Facebook exec says agencies not fully leveraging social media

Public agencies diving in but not fully using tools available

Government agencies are diving into social media, but most are still aren't taking full advantage of the special features of new media, a Facebook executive said at a conference today.

About 66 percent of government agencies are using at least one social media tool, Adam Conner, associate manager for privacy and global public policy at Facebook, said at the Social Graph seminar at the George Washington University School of Business. The event was a collaboration with the L2 think tank.

However, many agencies view social media as just another set of channels for their announcements and don't leverage the exponential nature of social platforms, Conner said. On social platforms, users are connected to many other users, so that shared content can be spread exponentially through concentric networks, Conner said. That allows for a much more rapid and broad spread of information, especially if users share the agency information on their own Facebook pages, compared with individual users visiting a website.

“On Facebook, one click is not just one click,” Conner said.

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Also, many public agencies are using Facebook and other social media platforms as one-way channels rather than using opportunities for two-way conversations and feedback, Conner said.

Rather than focus on output — such as the number of press releases, videos and other content posted on an agency's Facebook site — the emphasis should be on the amount and quality of feedback from users, which ideally should be passed back to the top of the organization as valuable information, he said.

Also, most government agencies haven't used their social media fully to drive their communications and missions, Conner said. As the Web and corporations are reorganizing to become more people-centric, public agencies should do the same, he advised.

“The Web is reorganizing around people," he said. "You need to reorganize around people, too."

For example, the Federal Emergency Management Agency has established a practice of setting up a separate Facebook page for each disaster in addition to FEMA’s Facebook page, he said. That allows for a much more local conversation about the specific disaster, the response and all the immediate local effects.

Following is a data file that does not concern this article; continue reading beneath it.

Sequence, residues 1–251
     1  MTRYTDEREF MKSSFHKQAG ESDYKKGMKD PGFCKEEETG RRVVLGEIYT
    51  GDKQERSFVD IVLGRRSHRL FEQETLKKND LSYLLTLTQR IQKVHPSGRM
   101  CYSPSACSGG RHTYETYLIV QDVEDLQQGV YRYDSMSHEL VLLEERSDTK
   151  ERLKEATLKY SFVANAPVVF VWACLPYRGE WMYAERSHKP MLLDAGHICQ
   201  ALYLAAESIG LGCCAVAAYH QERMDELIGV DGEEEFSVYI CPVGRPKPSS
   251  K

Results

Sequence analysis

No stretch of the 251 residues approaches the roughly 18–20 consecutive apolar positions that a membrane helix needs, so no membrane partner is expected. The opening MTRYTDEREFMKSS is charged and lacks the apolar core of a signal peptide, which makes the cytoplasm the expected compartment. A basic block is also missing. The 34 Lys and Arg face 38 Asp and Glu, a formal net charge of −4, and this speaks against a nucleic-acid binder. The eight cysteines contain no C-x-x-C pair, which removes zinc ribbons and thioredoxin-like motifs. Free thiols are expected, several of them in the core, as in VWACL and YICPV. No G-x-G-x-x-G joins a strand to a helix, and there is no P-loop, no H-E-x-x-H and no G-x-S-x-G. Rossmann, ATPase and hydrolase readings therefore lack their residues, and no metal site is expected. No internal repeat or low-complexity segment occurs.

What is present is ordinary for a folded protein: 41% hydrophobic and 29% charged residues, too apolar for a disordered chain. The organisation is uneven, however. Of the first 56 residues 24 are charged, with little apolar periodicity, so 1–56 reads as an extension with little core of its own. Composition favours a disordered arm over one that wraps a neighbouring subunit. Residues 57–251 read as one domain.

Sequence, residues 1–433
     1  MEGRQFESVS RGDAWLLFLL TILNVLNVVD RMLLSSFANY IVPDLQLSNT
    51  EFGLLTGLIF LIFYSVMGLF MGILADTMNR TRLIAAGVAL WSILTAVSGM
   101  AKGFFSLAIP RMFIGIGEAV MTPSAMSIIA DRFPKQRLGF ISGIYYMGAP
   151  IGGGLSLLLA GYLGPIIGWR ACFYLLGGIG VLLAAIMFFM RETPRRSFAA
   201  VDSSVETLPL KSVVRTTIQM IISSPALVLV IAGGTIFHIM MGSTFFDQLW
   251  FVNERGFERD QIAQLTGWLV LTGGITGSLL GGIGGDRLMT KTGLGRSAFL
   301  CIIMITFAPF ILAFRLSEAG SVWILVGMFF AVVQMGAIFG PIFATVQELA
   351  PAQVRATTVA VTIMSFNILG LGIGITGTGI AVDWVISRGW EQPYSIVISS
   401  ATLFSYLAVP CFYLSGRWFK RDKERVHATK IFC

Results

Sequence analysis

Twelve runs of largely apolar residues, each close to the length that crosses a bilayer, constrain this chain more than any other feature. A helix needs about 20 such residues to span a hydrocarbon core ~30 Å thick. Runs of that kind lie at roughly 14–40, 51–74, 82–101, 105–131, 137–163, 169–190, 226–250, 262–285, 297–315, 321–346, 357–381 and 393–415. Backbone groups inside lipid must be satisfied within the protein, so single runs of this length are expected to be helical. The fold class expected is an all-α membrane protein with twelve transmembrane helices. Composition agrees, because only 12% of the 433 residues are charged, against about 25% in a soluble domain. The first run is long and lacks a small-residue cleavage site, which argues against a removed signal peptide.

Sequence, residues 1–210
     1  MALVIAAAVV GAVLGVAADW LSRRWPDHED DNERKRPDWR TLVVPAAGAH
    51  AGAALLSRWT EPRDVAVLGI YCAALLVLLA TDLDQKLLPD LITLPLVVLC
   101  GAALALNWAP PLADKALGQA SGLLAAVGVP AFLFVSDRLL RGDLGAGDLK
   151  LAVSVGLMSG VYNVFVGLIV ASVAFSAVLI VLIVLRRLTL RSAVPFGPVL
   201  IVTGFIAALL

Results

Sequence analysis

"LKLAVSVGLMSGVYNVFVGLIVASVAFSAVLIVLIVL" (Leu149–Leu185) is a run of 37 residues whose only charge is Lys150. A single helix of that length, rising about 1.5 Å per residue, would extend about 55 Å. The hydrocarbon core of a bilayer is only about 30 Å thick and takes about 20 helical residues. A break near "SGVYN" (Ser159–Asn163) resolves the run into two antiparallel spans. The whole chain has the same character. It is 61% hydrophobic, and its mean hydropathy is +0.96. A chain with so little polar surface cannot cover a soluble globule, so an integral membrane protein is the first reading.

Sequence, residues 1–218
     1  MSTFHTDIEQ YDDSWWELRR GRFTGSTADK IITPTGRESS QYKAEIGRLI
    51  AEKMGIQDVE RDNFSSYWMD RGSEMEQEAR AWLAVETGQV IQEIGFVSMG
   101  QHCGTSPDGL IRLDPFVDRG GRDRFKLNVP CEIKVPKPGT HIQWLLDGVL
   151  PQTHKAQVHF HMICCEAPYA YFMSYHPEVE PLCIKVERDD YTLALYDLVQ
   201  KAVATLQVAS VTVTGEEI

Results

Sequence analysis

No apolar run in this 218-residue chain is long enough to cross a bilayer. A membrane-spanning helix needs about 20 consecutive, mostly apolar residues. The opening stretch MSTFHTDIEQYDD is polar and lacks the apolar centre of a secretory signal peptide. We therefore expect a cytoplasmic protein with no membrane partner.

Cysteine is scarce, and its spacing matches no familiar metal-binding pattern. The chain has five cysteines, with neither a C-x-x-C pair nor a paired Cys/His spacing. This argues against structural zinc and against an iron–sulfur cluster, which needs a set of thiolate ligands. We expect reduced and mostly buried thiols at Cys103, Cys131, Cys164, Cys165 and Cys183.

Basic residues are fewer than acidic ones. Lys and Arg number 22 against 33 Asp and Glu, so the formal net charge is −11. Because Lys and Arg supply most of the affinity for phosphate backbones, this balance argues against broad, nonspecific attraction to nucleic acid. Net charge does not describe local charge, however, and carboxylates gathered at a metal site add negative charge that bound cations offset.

For all public agencies, Conner recommended responding to comments on Facebook as a best practice, and also periodically recognizing fan creativity, such as by selecting a “featured fan” of the week.

He also recommended the Army’s social media policy as a best practice, especially in dealing with public comments. “It is a great example and very thorough,” he said.

He shared several more principles of operation for public agencies on Facebook: Make it social, keep it simple, pace yourself, use a consistent voice, interact, adjust and optimize, and be timely and relevant.

Conner suggested that some government agency executives may be inadvertently turning off innovators and stifling experimentation in social media by their attitudes in discussing red tape and tight budget limitations. Especially sensitive are the start-up software developers who may be offering very creative and useful new products but are told there is no money available to pay for them.

“There is this mistaken assumption in government that people will work for free," Conner said. "The government executive will say, ‘We don’t have any money.' "

“To hear the manager of a multibillion-dollar agency say there is no money…Well, you have far more resources than Joe Developer,” Conner said. "I do fear for the start-ups trying to work with government."

About the Author

Alice Lipowicz is a staff writer covering government 2.0, homeland security and other IT policies for Federal Computer Week.


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